- Although the rise of virtual assistants like Amazon’s Alexa has made it easier to use connected household products, smart home devices are still generally “too complicated,” David Limp, Amazon’s senior vice president for devices and services, said in an interview with Business Insider.
- Part of how the company is trying to fix that involves working with competitors Apple and Google. The three companies announced a partnership in December to create a common standard for connected home products.
- The move also highlights how companies that have traditionally been competitors are required to work together to boost the adoption of smart home products, a market that’s been slow to take off.
- At the same time, large tech firms like Amazon and its subsidiary, Ring, have found themselves at the center of privacy-oriented concerns. Limp says Amazon has increased security and privacy resources “across the board” in recent years.
- Visit Business Insider’s homepage for more stories.
For years, smart home devices have struggled to take off — despite the “Jetsons”-esque future that Silicon Valley giants have promised.
In 2016, for example, a survey of 2,000 homes in the United Kingdom conducted by PricewaterhouseCoopers found that the majority of people were not interested in purchasing smart home gadgets.
But roughly three years later, it looks like that may be finally starting to change. Global shipments of connected home devices are projected to hit 1.39 billion by 2023, and in 2019, the market grew by 23.5% year-over-year, according to the International Data Corporation. In the first quarter of 2019 alone, global shipments grew by 37.3% compared to the previous year, the IDC also said.
Much of that growth can be at least partially attributed to voice assistants made by Amazon and Google, which can be found in everything from sink faucets to wall clocks to ovens.
But despite the proliferation of Amazon’s Alexa and the Google Assistant, the technology itself is still too complex. So says David Limp, Amazon’s senior vice president for devices and services, who oversees the company’s sprawling line of Echo and Alexa products.
“The smart home is still too hard,” Limp told Business Insider in a recent interview. “It’s not really that smart yet, and it’s too complicated.”
Making the smart home work is critical for Amazon if it wants to compete with Google, Apple, and Samsung among others in the consumer technology market. Amazon missed out on the smartphone craze with its ill-received Fire phone, which Amazon quickly discontinued after its 2014 launch and resulted in a $170 million write-down for the company.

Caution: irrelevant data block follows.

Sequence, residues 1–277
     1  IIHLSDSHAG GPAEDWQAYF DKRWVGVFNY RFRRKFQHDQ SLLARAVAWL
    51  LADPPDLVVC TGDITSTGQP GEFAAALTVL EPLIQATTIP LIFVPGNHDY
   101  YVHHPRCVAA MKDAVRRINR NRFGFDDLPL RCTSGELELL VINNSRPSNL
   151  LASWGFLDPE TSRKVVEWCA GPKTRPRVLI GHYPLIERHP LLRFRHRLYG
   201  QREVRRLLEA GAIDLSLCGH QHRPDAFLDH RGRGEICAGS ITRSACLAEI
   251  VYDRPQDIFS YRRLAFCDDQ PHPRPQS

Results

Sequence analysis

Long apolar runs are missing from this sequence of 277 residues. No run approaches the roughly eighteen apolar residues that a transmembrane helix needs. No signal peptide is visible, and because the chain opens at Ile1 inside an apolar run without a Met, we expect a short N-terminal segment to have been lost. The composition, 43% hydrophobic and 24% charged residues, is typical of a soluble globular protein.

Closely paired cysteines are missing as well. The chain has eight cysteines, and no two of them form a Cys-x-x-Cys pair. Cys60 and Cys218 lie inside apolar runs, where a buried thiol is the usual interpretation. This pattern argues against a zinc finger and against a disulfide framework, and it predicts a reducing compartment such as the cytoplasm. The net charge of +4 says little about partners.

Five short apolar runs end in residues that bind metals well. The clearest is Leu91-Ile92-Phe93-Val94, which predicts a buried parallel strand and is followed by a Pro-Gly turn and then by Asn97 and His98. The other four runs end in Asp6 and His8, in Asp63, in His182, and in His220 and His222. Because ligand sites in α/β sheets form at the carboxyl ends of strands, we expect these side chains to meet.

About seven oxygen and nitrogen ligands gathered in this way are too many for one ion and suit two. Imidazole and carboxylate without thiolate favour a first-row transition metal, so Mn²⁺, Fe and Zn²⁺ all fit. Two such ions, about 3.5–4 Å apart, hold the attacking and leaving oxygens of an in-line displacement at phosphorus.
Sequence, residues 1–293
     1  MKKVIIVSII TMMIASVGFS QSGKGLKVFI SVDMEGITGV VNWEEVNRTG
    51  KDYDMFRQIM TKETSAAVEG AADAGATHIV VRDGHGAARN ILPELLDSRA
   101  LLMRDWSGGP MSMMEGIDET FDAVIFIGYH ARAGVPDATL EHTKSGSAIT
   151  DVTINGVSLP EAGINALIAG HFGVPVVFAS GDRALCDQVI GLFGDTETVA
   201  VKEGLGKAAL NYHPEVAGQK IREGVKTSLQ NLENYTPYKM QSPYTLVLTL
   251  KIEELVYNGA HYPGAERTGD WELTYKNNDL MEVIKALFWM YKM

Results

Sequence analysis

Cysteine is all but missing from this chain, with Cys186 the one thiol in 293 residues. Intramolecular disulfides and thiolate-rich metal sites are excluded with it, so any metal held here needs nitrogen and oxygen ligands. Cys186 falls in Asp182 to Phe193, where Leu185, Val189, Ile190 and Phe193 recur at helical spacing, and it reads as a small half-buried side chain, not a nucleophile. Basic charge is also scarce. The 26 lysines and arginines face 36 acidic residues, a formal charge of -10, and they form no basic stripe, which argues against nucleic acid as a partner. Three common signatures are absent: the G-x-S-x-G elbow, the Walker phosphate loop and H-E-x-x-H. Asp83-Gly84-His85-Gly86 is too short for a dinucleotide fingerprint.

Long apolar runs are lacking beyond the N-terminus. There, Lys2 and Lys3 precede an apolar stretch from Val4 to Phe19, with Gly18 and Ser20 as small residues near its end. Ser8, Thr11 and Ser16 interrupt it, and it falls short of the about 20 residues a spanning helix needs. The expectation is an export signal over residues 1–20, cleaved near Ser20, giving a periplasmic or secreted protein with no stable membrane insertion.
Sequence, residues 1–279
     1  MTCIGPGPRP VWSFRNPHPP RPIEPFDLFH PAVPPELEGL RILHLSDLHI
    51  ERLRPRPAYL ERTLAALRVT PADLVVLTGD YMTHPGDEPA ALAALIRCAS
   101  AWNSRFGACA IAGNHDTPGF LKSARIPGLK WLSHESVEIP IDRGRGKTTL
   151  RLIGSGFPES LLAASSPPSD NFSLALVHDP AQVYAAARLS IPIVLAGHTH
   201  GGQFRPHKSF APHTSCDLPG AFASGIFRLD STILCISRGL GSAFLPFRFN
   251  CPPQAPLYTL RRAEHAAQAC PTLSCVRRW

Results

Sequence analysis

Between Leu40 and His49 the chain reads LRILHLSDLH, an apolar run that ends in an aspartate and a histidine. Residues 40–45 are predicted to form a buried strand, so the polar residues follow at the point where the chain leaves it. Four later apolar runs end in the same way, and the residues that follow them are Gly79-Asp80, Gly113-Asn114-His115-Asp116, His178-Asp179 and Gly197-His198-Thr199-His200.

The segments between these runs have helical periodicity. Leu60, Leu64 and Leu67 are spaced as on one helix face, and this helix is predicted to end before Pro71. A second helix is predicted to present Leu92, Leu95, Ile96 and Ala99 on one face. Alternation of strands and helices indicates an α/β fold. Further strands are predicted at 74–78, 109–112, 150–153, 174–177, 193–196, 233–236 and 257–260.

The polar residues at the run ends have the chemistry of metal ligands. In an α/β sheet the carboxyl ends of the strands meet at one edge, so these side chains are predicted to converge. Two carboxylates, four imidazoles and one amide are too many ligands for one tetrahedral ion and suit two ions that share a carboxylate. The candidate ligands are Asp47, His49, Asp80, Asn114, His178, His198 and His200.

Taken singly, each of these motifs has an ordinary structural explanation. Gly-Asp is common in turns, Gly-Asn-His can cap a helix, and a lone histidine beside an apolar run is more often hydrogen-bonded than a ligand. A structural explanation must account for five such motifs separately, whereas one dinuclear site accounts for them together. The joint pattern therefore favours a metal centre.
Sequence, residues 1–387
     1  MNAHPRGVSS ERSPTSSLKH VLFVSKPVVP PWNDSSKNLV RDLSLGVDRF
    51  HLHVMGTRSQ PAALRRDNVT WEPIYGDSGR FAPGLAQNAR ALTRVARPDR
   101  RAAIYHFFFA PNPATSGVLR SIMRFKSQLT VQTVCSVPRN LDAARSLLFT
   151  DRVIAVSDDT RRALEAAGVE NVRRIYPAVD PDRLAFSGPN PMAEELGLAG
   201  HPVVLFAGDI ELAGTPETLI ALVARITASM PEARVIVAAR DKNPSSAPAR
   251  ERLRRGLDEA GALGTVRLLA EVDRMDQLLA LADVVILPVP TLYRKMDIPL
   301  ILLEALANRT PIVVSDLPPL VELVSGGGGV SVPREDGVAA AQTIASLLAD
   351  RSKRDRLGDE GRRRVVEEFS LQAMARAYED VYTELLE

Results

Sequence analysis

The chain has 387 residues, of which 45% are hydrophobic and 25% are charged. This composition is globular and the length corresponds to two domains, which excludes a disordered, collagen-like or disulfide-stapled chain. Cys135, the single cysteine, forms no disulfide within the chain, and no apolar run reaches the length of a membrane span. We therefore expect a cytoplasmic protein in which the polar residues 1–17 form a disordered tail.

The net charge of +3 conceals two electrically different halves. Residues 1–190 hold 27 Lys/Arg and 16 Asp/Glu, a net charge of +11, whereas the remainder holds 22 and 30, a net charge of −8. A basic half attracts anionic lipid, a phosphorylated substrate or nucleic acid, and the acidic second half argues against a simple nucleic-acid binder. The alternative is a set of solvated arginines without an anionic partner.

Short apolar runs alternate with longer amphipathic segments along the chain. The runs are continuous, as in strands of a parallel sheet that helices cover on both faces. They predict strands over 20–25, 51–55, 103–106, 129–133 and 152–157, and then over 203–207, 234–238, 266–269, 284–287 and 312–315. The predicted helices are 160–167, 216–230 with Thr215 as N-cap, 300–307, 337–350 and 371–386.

But since then, the company’s Alexa voice assistant has become the face of the company’s consumer presence. The company has said that there are now hundreds of millions of Alexa devices in the wild, and customers interact with Alexa billions of times each week. With roughly a quarter of the worldwide market for smart speakers as of the second quarter of 2019, Amazon’s Echo devices have ousted other major players like Google and Chinese tech giant Baidu, according to market research firm Canalys.
“Amazon has a strategic imperative to be successful in this,” Patrick Moorhead, president and principal analyst at market research firm Moor Insights & Strategy, said to Business Insider in a previous interview. “They weren’t only enough to be part of the PC revolution. They failed in smartphones … So it’s strategically important, and more important for them than for Google and Apple, to be successful.”
Boosting the adoption of smart home tech could be crucial for that goal. Amazon may be the leader when it comes to voice assistant usage in the home through it’s smart speakers, but Apple and Google have an inherent advantage in the smartphone space, since their digital helpers are integrated into the world’s most popular mobile devices at the operating system level.